Click for next page ( 64


The National Academies | 500 Fifth St. N.W. | Washington, D.C. 20001
Copyright © National Academy of Sciences. All rights reserved.
Terms of Use and Privacy Statement



Below are the first 10 and last 10 pages of uncorrected machine-read text (when available) of this chapter, followed by the top 30 algorithmically extracted key phrases from the chapter as a whole.
Intended to provide our own search engines and external engines with highly rich, chapter-representative searchable text on the opening pages of each chapter. Because it is UNCORRECTED material, please consider the following text as a useful but insufficient proxy for the authoritative book pages.

Do not use for reproduction, copying, pasting, or reading; exclusively for search engines.

OCR for page 63
63 ATTACHMENT Guide for Pavement-Type Selection: Summary of Research Report

OCR for page 63
64 CONTENTS 65 Introduction 65 Research Objective, Scope, and Summary 65 Summary of Findings 69 References

OCR for page 63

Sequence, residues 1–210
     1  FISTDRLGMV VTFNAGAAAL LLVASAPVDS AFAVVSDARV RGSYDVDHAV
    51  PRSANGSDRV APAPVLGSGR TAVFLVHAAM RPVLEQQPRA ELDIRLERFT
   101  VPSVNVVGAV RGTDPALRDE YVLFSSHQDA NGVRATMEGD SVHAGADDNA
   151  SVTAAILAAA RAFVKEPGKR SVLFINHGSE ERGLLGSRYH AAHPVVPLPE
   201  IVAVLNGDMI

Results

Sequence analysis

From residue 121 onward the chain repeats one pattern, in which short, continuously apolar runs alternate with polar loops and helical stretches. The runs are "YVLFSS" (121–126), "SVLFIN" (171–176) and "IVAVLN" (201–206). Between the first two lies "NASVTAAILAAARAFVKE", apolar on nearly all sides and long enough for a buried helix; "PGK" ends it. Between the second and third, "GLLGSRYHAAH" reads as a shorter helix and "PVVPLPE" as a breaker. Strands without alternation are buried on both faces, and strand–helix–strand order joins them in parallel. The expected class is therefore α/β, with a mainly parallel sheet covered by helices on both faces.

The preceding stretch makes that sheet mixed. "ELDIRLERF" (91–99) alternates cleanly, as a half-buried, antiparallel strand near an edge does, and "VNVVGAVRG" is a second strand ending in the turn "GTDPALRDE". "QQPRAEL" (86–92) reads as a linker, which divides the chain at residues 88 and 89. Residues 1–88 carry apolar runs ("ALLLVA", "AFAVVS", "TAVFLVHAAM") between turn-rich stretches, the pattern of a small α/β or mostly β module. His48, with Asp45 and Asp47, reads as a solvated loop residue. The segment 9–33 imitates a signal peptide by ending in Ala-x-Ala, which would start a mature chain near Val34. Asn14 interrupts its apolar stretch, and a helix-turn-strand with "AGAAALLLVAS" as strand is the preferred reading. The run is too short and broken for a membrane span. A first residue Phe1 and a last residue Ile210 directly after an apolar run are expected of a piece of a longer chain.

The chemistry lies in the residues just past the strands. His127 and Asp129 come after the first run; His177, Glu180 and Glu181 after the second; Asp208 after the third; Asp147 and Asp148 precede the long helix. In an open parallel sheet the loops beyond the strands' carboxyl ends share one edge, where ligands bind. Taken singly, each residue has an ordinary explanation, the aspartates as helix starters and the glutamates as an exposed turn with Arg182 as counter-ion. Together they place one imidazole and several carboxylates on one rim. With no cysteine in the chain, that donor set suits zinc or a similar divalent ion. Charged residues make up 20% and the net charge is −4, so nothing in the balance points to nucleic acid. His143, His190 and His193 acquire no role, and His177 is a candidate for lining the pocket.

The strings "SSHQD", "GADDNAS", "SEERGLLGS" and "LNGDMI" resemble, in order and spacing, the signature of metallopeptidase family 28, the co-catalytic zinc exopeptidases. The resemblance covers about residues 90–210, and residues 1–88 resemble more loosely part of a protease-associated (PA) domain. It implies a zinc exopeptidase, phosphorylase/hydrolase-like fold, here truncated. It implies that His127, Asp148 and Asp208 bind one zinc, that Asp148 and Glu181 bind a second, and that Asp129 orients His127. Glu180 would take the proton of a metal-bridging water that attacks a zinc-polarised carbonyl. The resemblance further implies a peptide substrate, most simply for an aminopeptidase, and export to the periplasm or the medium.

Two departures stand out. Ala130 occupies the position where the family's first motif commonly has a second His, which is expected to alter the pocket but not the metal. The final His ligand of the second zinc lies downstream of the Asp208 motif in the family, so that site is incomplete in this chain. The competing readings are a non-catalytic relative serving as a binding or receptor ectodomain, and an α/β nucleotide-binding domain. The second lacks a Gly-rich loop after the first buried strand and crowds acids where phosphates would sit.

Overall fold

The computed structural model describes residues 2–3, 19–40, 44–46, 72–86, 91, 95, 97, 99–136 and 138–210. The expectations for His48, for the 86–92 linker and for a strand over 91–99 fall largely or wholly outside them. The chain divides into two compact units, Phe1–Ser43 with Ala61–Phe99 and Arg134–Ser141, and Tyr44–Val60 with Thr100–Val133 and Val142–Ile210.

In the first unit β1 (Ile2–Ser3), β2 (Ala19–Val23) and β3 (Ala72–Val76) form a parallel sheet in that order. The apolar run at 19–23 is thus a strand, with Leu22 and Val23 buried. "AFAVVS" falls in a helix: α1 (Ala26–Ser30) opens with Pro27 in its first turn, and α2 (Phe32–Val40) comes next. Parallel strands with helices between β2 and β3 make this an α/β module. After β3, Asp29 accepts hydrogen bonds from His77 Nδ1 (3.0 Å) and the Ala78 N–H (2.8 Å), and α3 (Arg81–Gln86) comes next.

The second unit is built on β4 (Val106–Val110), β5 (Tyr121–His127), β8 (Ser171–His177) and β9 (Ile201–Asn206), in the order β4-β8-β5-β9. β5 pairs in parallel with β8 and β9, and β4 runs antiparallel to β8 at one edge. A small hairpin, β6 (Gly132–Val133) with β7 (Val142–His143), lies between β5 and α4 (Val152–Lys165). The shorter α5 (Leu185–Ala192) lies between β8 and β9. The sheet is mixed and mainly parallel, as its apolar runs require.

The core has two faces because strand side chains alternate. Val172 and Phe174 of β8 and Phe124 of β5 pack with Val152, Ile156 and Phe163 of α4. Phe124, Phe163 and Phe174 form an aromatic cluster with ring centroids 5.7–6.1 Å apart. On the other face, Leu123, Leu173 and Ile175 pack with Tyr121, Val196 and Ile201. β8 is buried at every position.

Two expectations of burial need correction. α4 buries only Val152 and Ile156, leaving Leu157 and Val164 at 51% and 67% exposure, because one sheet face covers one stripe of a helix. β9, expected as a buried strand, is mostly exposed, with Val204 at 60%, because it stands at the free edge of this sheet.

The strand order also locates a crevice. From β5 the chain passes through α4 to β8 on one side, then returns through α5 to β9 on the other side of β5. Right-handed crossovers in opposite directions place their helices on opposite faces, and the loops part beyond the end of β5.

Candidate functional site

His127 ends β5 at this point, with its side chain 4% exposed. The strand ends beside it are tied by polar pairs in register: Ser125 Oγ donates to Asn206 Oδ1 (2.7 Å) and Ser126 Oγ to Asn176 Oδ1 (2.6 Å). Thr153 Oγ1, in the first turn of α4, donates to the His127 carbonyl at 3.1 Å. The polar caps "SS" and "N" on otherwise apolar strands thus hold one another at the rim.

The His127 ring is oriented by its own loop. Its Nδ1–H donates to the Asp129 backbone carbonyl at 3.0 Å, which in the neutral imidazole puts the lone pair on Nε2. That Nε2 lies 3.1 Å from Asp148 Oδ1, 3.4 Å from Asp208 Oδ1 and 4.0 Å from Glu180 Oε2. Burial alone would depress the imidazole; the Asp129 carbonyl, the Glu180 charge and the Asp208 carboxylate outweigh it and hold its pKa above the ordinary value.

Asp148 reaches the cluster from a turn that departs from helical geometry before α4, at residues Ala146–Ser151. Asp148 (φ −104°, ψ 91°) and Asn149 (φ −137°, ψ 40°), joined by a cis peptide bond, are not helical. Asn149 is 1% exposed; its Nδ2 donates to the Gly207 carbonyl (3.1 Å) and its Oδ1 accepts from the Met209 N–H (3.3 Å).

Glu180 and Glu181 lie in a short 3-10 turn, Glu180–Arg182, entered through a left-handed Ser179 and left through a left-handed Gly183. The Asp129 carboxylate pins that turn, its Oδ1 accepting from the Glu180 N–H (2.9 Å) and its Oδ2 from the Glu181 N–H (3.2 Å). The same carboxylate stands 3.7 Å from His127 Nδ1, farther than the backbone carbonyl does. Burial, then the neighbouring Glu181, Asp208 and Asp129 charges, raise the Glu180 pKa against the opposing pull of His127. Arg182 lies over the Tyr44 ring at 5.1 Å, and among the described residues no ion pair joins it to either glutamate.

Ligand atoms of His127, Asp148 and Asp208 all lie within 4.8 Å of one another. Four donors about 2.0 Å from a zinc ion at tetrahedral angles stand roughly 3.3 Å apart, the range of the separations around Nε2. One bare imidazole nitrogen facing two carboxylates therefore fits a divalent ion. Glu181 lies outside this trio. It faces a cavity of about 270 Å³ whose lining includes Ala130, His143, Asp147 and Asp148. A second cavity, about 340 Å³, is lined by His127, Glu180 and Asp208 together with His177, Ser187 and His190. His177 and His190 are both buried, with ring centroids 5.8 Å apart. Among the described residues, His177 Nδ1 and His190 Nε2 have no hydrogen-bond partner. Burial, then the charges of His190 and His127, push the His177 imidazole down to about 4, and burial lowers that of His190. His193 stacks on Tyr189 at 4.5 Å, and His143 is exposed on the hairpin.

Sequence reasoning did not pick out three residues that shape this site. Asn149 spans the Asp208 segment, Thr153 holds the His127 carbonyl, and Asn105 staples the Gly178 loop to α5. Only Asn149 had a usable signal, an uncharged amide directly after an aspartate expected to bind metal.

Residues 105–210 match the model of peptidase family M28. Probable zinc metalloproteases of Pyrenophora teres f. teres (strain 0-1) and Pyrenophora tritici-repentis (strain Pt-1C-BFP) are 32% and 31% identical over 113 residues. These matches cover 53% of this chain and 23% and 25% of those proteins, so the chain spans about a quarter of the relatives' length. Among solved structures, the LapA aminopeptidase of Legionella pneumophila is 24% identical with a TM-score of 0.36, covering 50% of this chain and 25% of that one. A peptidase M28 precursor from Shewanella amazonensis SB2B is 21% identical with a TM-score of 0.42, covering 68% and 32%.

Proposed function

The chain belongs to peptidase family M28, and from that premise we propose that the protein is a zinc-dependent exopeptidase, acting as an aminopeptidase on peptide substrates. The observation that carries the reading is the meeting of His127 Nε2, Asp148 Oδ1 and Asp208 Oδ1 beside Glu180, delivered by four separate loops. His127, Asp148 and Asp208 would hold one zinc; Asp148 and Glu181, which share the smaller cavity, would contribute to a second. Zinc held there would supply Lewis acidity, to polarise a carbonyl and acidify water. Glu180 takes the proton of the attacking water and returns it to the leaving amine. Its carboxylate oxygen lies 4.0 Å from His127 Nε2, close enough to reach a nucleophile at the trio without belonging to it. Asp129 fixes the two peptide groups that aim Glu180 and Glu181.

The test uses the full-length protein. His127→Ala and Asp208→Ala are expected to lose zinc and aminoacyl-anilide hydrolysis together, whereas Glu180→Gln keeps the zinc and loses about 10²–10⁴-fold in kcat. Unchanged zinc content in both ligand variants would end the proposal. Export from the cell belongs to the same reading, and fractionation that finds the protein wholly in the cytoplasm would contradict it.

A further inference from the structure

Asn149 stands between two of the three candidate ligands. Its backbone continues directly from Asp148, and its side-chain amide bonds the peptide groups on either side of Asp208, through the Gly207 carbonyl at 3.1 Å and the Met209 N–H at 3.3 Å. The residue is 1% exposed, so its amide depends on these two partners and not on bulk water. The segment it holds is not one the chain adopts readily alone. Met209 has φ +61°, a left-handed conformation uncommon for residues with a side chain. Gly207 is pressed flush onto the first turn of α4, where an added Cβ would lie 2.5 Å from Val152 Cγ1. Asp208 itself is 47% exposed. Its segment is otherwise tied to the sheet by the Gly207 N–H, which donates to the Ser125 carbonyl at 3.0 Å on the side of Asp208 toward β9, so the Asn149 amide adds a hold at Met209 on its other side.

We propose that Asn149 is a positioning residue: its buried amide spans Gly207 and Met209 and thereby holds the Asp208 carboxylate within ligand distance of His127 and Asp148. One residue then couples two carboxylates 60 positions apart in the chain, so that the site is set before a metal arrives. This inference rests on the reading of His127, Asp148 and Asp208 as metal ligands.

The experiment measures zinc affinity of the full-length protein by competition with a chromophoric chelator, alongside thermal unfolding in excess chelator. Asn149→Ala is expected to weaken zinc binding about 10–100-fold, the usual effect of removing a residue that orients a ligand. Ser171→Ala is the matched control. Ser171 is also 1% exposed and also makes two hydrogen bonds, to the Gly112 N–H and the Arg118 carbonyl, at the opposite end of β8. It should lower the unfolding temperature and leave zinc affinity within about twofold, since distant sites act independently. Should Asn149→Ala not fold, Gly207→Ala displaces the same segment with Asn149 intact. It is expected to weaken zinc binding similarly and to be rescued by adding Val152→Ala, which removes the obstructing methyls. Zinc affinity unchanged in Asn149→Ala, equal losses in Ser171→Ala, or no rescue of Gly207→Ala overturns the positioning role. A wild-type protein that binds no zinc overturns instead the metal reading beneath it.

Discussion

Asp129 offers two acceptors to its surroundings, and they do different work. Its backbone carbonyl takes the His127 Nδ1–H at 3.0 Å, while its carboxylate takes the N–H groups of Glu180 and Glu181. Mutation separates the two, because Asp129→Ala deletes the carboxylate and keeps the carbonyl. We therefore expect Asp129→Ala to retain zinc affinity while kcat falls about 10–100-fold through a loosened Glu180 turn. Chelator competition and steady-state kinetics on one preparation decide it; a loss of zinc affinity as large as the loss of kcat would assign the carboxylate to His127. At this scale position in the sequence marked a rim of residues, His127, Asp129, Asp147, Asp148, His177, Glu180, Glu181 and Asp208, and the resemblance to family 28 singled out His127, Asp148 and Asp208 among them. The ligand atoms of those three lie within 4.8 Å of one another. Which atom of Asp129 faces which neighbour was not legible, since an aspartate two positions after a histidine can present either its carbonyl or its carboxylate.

65 Introduction Research Objective, Scope, and Summary Pavement-type selection is one of the challenging engi- neering decisions that highway administrators face today. The objective of NCHRP Project 10-75 was to develop a They must balance issues of both short- and long-term per- Guide for Pavement-Type Selection. The Guide includes formance with initial and long-term costs. The traveling pub- processes for making decisions regarding pavement-type lic generally does not express strong feelings on the type of selection, for both agency-based and contractor-based type pavement constructed, as long as reasonable levels of service, selection. This objective was accomplished in two phases. safety, and ride quality are provided. However, highway admin- Work scope and findings are summarized in the following istrators must deal with the competition that exists between the sections. asphalt and concrete pavement industries. National Coopera- Phase I included (1) collecting and reviewing information tive Highway Research Program (NCHRP) Project 10-75 was relevant to pavement-type selection processes, (2) identify- conducted to develop a rational process for pavement-type ing and evaluating traditional and innovative processes for selection. pavement-type selection, and (3) developing a plan for incor- One of the earliest discussions about pavement-type selec- porating the best practices identified into a practical guide. tion was contained in An Informal Guide on Project Proce- Phase II utilized the findings of Phase I to develop, test, and illus- dures, published by the American Association of State Highway trate the processes suggested for use in agency- and contractor- Officials (AASHO) on November 26, 1960. The guide pre- based pavement-type selection and then incorporated these sented the following list of governing factors to serve as the processes into a Guide for Pavement-Type Selection. basis of pavement-type selection: Information on current pavement-type selection processes used by the state departments of transportation (DOTs) and "To avoid criticism, if that is possible, any decision as to paving international highway agencies was obtained through a type to be used should be firmly based. Judicious and prudent con- sideration and evaluation of the governing factors will result in a questionnaire. In addition, state agency web sites were vis- firm base for a decision on paving type. ited to review available policy documents. The questionnaire A list of such factors comprises the following items: requested information on how certain factors (pavement per- formance life, discount rate, agency cost) were developed and 1. Traffic. other information that was not always apparent in the available 2. Soils characteristics. 3. Weather. published operational documents. Also requested was infor- 4. Performance of similar pavements in the area. mation on planned changes and ongoing research. Thirty- 5. Economics or cost comparison. three state DOTs responded to the survey. 6. Adjacent existing pavements. Because the questionnaires elicited limited data on design- 7. Stage construction. build contractor pavement-type selection, additional searches 8. Depressed, surface, or elevated design. were conducted to locate current research and review request 9. Highway system. 10. Conservation of aggregates. for proposal (RFP) documents that had been issued by state 11. Stimulation of competition. DOTs. 12. Construction considerations. A brief questionnaire also was sent to each of the states' flex- 13. Municipal preference, participating local government ible and rigid contractor paving associations requesting feed- preference and recognition of local industry. back on the pavement-type selection procedures used in their 14. Traffic safety. 15. Availability of and adaptations of local materials or of respective states. local commercially produced mixes." The information gathered was reviewed, evaluated, and summarized. The initial work plan for developing the Guide for This list served as the basis for selection of pavement type on Pavement-Type Selection was updated based on this informa- the Interstate system, as well as the basis for the guidance pro- tion and implemented in Phase II. vided in the 1986 and 1993 editions of the AASHTO Guide for Design of Pavement Structures. The list is still relevant today Summary of Findings and serves as a foundation for the Guide for Pavement-Type Selection prepared in this project. The development of the Table 1 lists state DOTs' responses regarding the use of MechanisticEmpirical Pavement Design Guide (MEPDG), pavement-type selection procedures. pavement management systems, and extensive maintenance Twenty-two of the 35 state DOTs responding have a for- and rehabilitation (M&R) cost records makes the development mal type-selection process that requires the consideration of of more rational and less subjective pavement-type selection alternative pavement types on major new and reconstruction procedures possible. projects.